Gideon announced that anyone who was afraid was free to go home. Since they were already hopelessly outnumbered by Midianites, it was no surprise that two-thirds of the volunteers upped sticks and left. Gideon must have been tempted to leave with them, but he stayed, along with ten thousand others.
“Still too many!” said God. “Take them to the river for a drink.” Nine thousand seven hundred sank their faces in the water to drink, oblivious of the proximity of hostile troops. Three hundred lifted the water to their vigilant faces and drank from cupped hands. They were the chosen ones.
So there they were, just three hundred, bivouacked in the hills, and a menacing hoard of enemy marauders in the valley below. Another sleepless night.
God encouraged Gideon. “Go down and attack. But if you are afraid to go down, then just do it. Go down. Then you will find the courage you need to go down.” So he went down – great cure for the faint of heart.
He crept into the camp and overheard a conversation between two Midianites. One was recounting to the other a nightmare that had just woken him. Apparently, he had dreamed that a loaf of bread had rolled down the hill and knocked over a tent. “It’s an omen,” his friend cried. “We are finished!”
“Get up!” Gideon yelled when he got back to his camp. “God has given them to us on a plate.”
His plan could hardly be called “a plan of attack.” He spread his men around the Midianites in three companies, each man armed with only a bugle and flaming torch hidden under a clay pitcher. Then on his command, they all smashed the pitchers and blew the bugles and shouted, “The sword of the Lord and Gideon!” The sound of smashing jars, yelling men, and blaring bugles woke the sleeping Midianites. As they stumbled out of their tents, the hills were full of lights and war cries. In the darkness, it was impossible to tell friend from foe, but since all their foes were in reality safe up in the hills, they set to slaughtering one another. Survivors fled for their lives. The three hundred gave chase and were soon joined by thousands of other willing volunteers who slaughtered stragglers all the way to the Jordan River. But it was the original three hundred who pursued the survivors deep into enemy territory.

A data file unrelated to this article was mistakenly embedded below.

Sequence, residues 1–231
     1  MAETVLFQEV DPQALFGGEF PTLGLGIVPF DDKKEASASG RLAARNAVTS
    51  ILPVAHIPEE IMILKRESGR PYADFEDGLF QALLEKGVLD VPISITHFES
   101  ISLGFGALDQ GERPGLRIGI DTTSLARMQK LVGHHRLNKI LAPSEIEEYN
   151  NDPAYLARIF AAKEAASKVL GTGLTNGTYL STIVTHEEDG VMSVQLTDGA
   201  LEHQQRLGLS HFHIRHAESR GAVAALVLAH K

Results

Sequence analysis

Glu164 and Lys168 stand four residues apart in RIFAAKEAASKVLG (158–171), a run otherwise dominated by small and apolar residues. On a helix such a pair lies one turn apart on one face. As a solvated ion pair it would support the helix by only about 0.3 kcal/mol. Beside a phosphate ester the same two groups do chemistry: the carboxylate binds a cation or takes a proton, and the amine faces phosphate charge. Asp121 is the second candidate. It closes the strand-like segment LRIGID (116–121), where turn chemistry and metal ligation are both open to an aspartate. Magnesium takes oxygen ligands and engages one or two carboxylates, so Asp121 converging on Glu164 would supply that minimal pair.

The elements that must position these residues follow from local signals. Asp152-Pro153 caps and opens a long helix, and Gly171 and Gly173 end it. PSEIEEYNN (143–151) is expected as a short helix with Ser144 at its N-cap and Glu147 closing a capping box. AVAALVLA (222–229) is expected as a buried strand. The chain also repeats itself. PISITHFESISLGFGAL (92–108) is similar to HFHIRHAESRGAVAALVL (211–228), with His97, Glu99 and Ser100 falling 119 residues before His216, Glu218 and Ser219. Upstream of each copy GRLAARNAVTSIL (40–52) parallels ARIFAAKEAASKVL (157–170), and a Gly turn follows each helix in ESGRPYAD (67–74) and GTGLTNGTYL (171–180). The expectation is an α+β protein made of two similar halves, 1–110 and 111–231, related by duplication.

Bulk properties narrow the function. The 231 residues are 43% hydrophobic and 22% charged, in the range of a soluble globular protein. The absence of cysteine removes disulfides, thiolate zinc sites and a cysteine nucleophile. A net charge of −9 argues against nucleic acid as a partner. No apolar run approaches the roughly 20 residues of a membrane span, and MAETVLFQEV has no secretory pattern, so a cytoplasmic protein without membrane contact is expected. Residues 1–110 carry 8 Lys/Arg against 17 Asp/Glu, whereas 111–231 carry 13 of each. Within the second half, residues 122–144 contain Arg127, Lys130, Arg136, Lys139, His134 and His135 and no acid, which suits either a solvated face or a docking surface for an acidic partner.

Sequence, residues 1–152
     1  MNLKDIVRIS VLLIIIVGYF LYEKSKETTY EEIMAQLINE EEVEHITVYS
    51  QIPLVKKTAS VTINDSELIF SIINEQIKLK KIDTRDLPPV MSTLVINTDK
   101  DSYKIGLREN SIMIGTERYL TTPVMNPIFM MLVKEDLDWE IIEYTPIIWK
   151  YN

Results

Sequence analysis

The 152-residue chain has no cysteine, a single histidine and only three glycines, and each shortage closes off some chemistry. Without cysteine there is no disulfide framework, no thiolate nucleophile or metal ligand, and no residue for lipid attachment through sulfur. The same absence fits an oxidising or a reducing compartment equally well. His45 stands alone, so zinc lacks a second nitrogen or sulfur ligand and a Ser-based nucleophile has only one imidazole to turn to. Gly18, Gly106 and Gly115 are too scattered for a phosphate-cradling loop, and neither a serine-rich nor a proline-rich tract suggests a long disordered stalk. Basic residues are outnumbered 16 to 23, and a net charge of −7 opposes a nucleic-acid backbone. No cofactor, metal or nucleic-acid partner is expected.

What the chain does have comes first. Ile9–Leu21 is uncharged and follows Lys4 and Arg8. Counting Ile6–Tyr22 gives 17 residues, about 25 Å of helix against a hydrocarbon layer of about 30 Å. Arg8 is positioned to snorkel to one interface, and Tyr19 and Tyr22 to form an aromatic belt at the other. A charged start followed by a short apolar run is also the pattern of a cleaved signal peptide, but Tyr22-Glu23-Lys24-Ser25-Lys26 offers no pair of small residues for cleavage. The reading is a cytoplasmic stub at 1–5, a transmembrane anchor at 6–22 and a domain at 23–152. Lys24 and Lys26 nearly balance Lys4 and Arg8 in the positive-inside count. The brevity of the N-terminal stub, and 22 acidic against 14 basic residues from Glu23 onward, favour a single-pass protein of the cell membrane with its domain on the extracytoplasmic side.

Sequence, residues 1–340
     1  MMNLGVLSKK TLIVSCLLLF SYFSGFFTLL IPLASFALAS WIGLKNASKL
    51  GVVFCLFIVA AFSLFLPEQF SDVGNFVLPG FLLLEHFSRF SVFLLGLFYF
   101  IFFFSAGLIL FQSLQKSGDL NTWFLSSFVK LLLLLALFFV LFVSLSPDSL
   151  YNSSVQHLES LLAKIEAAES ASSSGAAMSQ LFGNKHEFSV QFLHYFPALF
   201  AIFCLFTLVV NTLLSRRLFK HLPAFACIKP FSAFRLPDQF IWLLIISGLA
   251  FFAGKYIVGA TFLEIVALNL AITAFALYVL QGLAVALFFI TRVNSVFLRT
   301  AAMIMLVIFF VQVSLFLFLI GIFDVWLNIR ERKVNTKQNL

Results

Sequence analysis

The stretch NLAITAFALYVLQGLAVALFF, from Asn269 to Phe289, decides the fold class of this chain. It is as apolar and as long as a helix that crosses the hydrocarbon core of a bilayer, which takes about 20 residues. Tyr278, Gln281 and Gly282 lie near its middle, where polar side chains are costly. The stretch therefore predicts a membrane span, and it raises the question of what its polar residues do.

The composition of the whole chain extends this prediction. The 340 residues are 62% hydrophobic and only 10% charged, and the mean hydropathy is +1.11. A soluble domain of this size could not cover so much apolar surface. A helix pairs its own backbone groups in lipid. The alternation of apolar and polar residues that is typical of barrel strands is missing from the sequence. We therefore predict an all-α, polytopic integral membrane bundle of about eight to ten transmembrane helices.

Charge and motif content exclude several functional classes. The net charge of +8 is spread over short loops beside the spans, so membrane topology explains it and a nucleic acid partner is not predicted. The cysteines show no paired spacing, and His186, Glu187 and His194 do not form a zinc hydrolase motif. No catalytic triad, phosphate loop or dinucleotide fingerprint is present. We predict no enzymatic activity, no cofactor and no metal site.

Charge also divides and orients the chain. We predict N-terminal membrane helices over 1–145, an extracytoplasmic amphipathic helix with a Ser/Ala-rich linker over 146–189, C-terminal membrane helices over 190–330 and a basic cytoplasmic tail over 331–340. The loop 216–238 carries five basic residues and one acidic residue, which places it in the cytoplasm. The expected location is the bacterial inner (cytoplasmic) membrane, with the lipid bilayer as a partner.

They finally caught up with the Midianite warlords, Zebah and Zalmunna, still in command of a not inconsiderable army of fifteen thousand. Thinking they were safe home, they were less vigilant than prudence should have demanded. Without a moment’s hesitation, Gideon attacked. The slaughter was complete, with the bonus of capturing the two leaders alive.
“Do you recall years ago when you came to a farm in Ophrah, near Tabor?” Gideon asked them.
An evil look came over their faces. “Yes, and we cut down to size some of those arrogant young weasels who lived there.”
“Those were my brothers.” Gideon took a sword and ended years of sleepless nights and fear-filled dreams.